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Pathology annual

Keratin protein immunohistochemistry in surgical pathology practice.


PMID 2427996

Abstract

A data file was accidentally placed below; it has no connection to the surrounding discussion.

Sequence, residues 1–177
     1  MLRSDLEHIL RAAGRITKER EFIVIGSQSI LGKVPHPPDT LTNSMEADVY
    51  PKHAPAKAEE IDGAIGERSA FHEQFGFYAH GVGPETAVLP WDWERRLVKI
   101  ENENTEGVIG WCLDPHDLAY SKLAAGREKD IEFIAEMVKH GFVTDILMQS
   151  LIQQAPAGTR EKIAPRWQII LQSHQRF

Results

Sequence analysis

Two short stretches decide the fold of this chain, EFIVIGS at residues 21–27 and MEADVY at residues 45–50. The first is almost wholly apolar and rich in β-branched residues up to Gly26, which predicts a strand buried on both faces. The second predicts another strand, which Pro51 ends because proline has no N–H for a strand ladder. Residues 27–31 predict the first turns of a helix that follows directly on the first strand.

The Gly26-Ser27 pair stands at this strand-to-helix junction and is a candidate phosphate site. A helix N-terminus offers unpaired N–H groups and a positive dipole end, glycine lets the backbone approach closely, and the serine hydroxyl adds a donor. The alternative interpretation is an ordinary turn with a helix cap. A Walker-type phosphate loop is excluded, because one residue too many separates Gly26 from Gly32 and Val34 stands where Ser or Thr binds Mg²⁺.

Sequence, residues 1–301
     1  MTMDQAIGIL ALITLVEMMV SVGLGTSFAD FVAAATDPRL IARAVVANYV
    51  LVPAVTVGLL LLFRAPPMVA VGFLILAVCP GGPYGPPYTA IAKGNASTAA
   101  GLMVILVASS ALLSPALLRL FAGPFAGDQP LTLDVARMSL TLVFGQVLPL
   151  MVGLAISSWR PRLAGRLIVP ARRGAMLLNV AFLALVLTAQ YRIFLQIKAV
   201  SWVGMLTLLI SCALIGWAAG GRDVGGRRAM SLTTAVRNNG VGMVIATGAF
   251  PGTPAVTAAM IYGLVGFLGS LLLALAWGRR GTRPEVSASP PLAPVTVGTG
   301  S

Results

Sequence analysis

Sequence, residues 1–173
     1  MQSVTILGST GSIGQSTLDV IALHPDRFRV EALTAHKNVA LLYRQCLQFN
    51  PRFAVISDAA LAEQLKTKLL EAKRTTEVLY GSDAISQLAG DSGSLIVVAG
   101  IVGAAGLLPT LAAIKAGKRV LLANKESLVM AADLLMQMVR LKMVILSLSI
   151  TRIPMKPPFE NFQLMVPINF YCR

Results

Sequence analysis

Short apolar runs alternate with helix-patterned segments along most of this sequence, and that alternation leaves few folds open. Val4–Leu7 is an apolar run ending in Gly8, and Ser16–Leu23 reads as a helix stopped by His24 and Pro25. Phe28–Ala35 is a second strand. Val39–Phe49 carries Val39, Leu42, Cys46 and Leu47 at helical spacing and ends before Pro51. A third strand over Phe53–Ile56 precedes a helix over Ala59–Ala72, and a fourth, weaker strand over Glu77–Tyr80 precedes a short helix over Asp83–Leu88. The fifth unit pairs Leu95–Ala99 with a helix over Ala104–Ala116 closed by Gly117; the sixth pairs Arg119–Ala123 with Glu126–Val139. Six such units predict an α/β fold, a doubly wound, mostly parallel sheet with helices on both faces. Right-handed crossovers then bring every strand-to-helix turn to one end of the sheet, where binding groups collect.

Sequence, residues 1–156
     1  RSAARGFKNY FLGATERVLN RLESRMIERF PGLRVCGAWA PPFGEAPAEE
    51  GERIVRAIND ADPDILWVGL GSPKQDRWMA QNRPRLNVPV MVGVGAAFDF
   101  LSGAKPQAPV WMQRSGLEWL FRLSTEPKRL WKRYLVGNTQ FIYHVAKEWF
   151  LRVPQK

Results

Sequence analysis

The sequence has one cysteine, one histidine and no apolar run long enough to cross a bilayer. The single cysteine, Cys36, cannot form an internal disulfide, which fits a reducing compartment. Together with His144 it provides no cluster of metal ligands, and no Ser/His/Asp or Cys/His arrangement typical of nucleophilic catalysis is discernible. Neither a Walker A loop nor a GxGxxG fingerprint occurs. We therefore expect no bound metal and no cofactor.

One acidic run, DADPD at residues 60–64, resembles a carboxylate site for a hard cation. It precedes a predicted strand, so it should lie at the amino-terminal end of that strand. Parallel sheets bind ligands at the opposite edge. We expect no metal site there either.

Keratin protein immunohistochemistry is a powerful diagnostic tool whose role has already been firmly established in many surgical pathology laboratories. Recent studies of the biology of keratin proteins have defined the heterogeneity of keratin protein expression among various epithelial tissues and their tumors and provide the basis for understanding the immunoreactivity of epithelial tumors with various keratin antibodies. Successful execution of the procedure requires attention to technical details such as the fixation of tissue, use of proteolytic enzymes such as trypsin for formalin-fixed tissues, and the choice of the appropriate antibody and controls. Broadly reactive polyclonal and monoclonal antibodies to keratins have been remarkably useful in identifying poorly differentiated and undifferentiated carcinomas. Monoclonal antibodies of restricted specificity and monospecific antibodies to keratin are under development and may prove helpful in defining the organ of origin of metastatic carcinomas. Keratin protein immunohistochemistry supplements existing information used by pathologists in diagnosis, and the immunohistochemical results should be interpreted in the light of the clinical findings, gross and microscopic pathology, and the results of any other special studies.